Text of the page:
And although Kwint does not claim to want viewers to take a moralistic lesson from his exhibit, he suggests a larger point: we need to consider whether we humans are much, much more than the product of what the physical brain is capable of producing.

“The idea that you can detect human variation within a vary mercurial structure of the body sometimes involves dubious practices,” Kwint says, “and therefore we should be very skeptical about claims that the most important thing in human identity is the body and what it’s made of.”

And while Einstein would probably be furious that his brain ended up on a slide in a case in London, he would agree with Kwint’s point. He once said that a human being “experiences himself, his thoughts and feelings as…a kind of optical delusion of his consciousness.  This delusion is a kind of prison for us, restricting us to our personal desires and to affection for a few persons nearest to us.  Our task must be to free ourselves from this prison by widening our circle of compassion to embrace all living creatures and the whole of nature in its beauty.”

Or, as a sign in his Princeton office proclaimed: “Not everything that counts can be counted, and not everything that can be counted counts.”

Copyright 2012 ABC News Radio


New Albert Einstein Documents Look at Science and Love

Ernst Haas/Ernst Haas/Getty Images(JERUSALEM) -- Hebrew University is expanding and digitizing a catalog of Albert Einstein’s documents that now contains more than 80,000 of the scientist’s writings and private correspondence from over the years.

Some of the 2,000 documents that have been scanned total about 7,000 pages and are now published on the updated site -- -- for the public to see.  They include one of the original manuscripts for his famous formula E=mc², a postcard to his mother in her final days and a letter from his mistress 21 years his junior in which she addresses him as “Highly-regarded Professor!”

The update doubles the number of cataloged Einstein documents from 40,000 to 80,000.

“The renewed site is another expression of the Hebrew University’s intent to share with the entire cultural world this vast intellectual property which has been deposited into its hand by Einstein himself,” Professor Hanoch Gutfreund, the academic head of the Einstein archive, said in a statement.

When he died in 1955, Einstein left all his writings and the rights to his image to the university.

“Dear Mother, Today some happy news,” he writes to his sick mother Pauline in a letter from September 1919.  “The British expeditions have definitely verified the deflection of light by the sun.  Maja [Einstein's sister] writes me, to my dismay, that you’re not only in a lot of pain but that you have gloomy thoughts as well.  How much I would like to keep you company again so that you aren’t left to such nasty musing…”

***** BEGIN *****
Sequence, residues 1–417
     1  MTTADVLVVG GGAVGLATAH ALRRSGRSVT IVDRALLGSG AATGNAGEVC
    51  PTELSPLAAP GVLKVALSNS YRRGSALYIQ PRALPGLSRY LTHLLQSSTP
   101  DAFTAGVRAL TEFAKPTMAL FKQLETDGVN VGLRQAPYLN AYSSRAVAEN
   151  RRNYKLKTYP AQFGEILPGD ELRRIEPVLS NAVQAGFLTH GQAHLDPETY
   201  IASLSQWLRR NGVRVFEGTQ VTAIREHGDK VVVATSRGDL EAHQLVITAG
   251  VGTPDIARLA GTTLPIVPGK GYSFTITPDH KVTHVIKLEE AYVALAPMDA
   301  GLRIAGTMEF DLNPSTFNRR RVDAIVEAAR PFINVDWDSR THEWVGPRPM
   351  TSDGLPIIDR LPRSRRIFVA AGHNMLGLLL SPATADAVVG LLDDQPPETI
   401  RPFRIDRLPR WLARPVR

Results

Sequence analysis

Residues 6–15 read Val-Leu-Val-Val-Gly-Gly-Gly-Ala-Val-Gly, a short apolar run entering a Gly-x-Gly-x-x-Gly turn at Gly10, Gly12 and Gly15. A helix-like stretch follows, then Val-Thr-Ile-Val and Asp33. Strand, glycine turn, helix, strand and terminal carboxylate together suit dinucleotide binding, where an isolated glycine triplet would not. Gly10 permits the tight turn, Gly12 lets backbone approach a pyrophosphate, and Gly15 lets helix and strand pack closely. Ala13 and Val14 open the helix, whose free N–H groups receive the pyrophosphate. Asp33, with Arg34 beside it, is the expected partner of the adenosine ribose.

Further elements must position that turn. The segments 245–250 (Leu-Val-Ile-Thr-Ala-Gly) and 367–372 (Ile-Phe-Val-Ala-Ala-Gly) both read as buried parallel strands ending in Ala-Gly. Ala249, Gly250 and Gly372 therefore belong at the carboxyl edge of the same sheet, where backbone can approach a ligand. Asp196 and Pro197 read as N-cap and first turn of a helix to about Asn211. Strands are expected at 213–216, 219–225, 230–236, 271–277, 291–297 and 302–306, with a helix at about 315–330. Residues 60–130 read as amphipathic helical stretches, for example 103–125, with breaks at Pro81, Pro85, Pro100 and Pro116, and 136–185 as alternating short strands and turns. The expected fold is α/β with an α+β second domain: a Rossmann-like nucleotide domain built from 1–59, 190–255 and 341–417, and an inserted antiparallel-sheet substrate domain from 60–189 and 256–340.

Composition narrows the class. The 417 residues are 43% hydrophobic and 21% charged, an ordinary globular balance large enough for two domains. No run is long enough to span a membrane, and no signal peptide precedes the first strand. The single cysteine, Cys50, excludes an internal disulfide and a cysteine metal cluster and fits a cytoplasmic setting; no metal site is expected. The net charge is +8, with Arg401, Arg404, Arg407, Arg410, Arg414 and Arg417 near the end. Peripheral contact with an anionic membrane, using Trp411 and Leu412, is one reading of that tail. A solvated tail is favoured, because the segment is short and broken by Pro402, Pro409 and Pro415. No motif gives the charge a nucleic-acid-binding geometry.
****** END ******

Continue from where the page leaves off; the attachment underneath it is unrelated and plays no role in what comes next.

The twice-married Einstein had several affairs and was known to have believed that “Marriage is the unsuccessful attempt to make something lasting out of an incident.”

During his second marriage to first cousin Elsa Lowenthal, he fell in love with Betty Neumann in 1923.  Fifteen years later, she would write him in Princeton, N.J., from Austria, asking for help immigrating to the United States as life got tougher for Jews in Europe before World War II.

“I lost my brother,” she explains to Einstein, who would help her get to the U.S.

The archives curator tell ABC News there are many more letters from Neumann that, along with thousands of other pages, will be scanned and published online during the course of the year.

Copyright 2012 ABC News Radio


Is Albert Einstein Wrong? Neutrinos May Be Faster than Light

iStockphoto/Thinkstock(GENEVA) -- Albert Einstein's theory of relativity -- which has proved remarkably durable since he first proposed it in 1905 -- said that the speed of light (186,000 miles per second) had to be something of a cosmic speed limit.

But now a team of scientists at CERN, the giant particle accelerator physicists use in the Alps on the French-Swiss border, say they have conducted an experiment in which neutrinos -- subatomic particles with no electric charge -- traveled slightly faster than photons, the particles that make up light beams.

If they’re right, it’s a big deal in the physics world -- but that’s a big if.

“The feeling that most people have is this can’t be right, this can’t be real,” said James Gillies, a spokesman for CERN.

Physicists will now be poring over the report of the experiment, many of them saying they’re fascinated by the findings, but also inclined to be skeptical.

“We’d be thrilled if it’s right because we love something that shakes the foundation of what we believe,” said Columbia University physicist Brian Greene.  “That’s what we live for.”

Copyright 2011 ABC News Radio

ABC News Radio